where a i s t h e e l e c t r i c a l c o n d u c t i v i t y . and (A.3) w e obtain:

Combining (A.2)

J and A I ft h ec u r r e n tf l o w si nc o a x i a lc i r c l e s , haveonlyazfmuthalcomponents. W e can expand t h e l e f t hand s i d eo fe q u a t i o n (A.5) i nt h ec y l i n d r i c a lc o o r d i nate system and obtain the following differential equation:

It might appear that only mechanical strength considerations should be relevant here. Roweversthe thickness of the disc is a l s o o f g r e a t i m p o r t a n c e i n t h e opA s shown on Fig.6, t i m i z a t i o n of t h ee n e r g yt r a n s f e r . themagneticfluxpropagatingthroughthedisc may be important; this possible loss of energy,demonstrated by ourmeasurements,canseriouslyreducetheeffenciency of the system. The v a l u eo ft h ef i e l d decreases w i t h as shown on Fig. 5; t h e s k i n d e p t h distance in the disc The v a l u e of t h es k i n c h a r a c t e r i z e st h i sa t t e n u a t i o n . depth, as a f u n c t i o n of frequency, i s well known f o r d i f f e r e n t m e t a l s ; it should be taken into consideration when deciding on t h e t h i c k n e s s o f t h e d i s c .

From Maxwell's f i e l d e q u a t i o n s , i t is e a s y t o
E

show t h a t :

aA -at
w,

I ft h ef i e l d s thenequation

are periodic with angular frequency (A.5) reducesto

c )C h a r a c t e r i s t i c s

of t h e power supply.

W e haveobserved(Fig. 3) t h a t t h e c o u p l i n g of energy to the disc d e c r e a s ew s ith increasing distance rafrom t h e c o i l . Energy s h o u l d t h e r e f o r e b e d e l i v e r e d pidly to the coil, before the disc has time t o move appreciablyfromthecoil. This implies that the frequenc yo ft h ec a p a c i t o r - c o i lc i r c u i ts h o u l db eh i g h enough are d e s i r e d . especially if high terminal velocities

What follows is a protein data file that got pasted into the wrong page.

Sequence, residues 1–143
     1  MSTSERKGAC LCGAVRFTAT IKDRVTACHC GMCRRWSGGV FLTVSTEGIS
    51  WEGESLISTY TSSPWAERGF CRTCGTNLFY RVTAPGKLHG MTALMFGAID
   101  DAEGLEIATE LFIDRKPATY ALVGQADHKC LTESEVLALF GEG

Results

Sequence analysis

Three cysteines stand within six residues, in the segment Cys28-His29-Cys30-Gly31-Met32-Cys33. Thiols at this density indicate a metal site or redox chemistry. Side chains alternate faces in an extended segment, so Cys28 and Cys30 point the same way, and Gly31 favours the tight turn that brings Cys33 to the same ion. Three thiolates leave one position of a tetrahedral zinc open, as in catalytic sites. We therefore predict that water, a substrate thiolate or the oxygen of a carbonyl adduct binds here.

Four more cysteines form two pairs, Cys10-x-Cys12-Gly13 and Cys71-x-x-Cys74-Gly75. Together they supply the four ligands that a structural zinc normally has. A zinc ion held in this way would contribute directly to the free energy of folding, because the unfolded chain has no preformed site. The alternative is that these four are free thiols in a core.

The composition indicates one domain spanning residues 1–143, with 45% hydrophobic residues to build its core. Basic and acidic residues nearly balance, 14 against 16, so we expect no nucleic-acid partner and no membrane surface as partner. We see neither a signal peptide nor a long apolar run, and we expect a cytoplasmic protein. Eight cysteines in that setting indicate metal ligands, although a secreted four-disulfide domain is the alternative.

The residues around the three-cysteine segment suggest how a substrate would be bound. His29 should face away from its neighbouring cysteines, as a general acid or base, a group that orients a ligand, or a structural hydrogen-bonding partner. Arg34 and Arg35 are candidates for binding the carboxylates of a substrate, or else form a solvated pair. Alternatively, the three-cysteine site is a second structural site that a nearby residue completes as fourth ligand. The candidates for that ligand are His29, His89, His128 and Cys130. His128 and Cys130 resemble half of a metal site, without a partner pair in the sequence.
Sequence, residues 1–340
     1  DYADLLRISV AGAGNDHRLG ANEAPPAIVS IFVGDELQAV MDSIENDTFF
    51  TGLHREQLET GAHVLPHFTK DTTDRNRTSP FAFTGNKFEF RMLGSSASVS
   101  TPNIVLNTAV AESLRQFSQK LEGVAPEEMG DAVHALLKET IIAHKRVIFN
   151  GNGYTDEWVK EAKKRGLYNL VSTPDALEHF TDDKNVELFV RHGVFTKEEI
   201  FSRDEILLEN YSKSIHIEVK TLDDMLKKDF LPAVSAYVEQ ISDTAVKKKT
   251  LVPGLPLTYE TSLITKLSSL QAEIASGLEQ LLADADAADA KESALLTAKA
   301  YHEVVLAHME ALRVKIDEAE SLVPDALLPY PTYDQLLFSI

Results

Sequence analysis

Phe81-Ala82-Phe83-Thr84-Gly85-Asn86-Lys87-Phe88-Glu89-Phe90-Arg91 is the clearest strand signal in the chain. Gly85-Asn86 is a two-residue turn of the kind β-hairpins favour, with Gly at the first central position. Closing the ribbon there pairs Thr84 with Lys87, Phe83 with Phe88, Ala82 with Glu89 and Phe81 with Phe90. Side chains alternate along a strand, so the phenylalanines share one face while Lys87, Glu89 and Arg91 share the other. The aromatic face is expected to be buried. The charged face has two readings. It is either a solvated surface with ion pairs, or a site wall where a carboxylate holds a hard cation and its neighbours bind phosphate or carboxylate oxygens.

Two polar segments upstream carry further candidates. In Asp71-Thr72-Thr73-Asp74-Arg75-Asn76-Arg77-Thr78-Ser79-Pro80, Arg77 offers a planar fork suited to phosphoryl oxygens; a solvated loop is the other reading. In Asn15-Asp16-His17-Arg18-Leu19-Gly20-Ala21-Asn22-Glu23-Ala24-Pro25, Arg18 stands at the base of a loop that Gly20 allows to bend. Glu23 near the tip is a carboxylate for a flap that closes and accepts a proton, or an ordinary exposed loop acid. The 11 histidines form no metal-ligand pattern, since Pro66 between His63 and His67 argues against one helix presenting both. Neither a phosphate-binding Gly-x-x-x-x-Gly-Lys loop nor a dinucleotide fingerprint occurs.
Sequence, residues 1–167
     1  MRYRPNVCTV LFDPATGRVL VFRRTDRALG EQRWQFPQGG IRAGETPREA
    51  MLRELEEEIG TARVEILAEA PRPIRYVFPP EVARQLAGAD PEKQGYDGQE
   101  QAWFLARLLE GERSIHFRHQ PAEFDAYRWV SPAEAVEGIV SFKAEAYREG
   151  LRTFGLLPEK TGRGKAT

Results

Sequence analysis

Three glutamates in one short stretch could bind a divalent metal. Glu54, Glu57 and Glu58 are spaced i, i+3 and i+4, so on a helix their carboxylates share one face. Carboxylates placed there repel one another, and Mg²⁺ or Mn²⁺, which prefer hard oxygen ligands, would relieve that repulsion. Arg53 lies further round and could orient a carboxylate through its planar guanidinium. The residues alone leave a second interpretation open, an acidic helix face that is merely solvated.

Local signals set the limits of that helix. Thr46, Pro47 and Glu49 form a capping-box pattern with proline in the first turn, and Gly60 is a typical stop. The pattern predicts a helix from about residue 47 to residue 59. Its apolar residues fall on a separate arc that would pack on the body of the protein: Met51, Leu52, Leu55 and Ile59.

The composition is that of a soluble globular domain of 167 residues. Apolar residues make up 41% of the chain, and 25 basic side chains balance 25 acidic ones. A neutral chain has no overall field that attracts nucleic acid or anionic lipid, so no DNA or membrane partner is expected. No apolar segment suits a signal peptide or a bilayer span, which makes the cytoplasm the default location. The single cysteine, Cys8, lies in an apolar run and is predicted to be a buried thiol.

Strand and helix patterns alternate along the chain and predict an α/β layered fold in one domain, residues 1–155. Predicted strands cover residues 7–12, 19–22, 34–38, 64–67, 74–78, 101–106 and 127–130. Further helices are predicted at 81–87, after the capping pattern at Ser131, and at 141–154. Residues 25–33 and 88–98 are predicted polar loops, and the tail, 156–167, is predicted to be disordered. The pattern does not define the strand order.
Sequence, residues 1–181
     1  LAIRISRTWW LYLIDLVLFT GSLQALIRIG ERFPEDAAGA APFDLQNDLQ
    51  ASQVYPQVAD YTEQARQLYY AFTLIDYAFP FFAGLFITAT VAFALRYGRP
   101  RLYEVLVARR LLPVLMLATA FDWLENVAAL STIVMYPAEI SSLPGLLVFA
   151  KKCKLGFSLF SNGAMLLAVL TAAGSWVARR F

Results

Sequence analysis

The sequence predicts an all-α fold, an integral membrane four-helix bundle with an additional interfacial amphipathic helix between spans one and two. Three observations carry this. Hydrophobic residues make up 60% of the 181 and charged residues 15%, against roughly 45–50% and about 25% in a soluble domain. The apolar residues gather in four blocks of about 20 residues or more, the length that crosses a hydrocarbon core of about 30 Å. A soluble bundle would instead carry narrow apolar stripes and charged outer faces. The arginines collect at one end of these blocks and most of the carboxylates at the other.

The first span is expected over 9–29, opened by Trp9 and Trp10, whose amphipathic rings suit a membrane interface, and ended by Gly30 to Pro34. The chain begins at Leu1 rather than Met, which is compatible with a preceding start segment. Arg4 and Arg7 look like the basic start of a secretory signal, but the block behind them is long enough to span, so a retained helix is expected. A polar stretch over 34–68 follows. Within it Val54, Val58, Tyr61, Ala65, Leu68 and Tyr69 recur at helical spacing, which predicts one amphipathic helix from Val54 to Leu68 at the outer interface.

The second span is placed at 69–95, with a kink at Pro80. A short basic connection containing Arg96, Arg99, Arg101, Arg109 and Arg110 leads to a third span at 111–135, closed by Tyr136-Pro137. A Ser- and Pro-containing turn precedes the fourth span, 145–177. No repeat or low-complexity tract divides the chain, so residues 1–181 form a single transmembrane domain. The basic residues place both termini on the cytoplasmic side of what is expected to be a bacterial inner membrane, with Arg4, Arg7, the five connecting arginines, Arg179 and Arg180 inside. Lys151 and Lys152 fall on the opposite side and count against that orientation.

W e h a v ea l s on o t e dt h ei n f l u e n c e of a crow-bar in t h e power supply on t h ee f f i c i e n c yo ft h ee n e r g yt r a n s f e r ; in o u r c a s e a f i v e f o l d i n c r e a s e was measured. The use of a crow-bar is a l s o recommended i nt h ec a s e of i t prevents the curh i g ht e r m i n a lv e l o c i t i e sb e c a u s e

Applying t h e methodof separation of the variables be ~ h o w n that ~ , ~ the to solve quation (A.8) i t can m a g n e t i cv e c t o rp o t e n t i a lf o r a f i l a m e n tc u r r e n tl o o p hasthegeneral form:

94

Flr9;ons rf4

A ' and B ' grallo

r e q u i r e st h eu s e

of t h eF o u r i e r - B e s s e li n t e -

f(k')

[ [
k dk
m

f ( k )J l ( k r )J l ( k ' r )

r dr

(A.14)

n.4
Using t h e continuity equations (A.12) and (A.13) and t hF eo u r i e r - B e s s e il ntegral (A.14) atth e three A ' and s u r f a c e s , we c a n evaluate the coefficients f o r each region and the resulting expressions for the vector potential in the four regions are given by:

Fig. 10. C i r c u l a r l o o p p a r a l l e l t o t h e f a c e

of t h e d i s c .

B'

where A, B, C and D a r e complex f u n c t i o n s of k, J1 ( k r ) and N1 ( k r ) a r e f i r s t - o r d e r Bessel functionand Neumann f u n c t i o nr e s p e c t i v e l y and where k l is a complex funct i o n ofk defined as follows: kl

(k2

+j

w p 0)

(A. 10)

2 (k -kl (k+k,)'

)exp k t 1 exp klt

2 (k -kl

2
2

)exp(-klt) exp(-kb)]dk exp(-klt) (A.15)

(k-kl)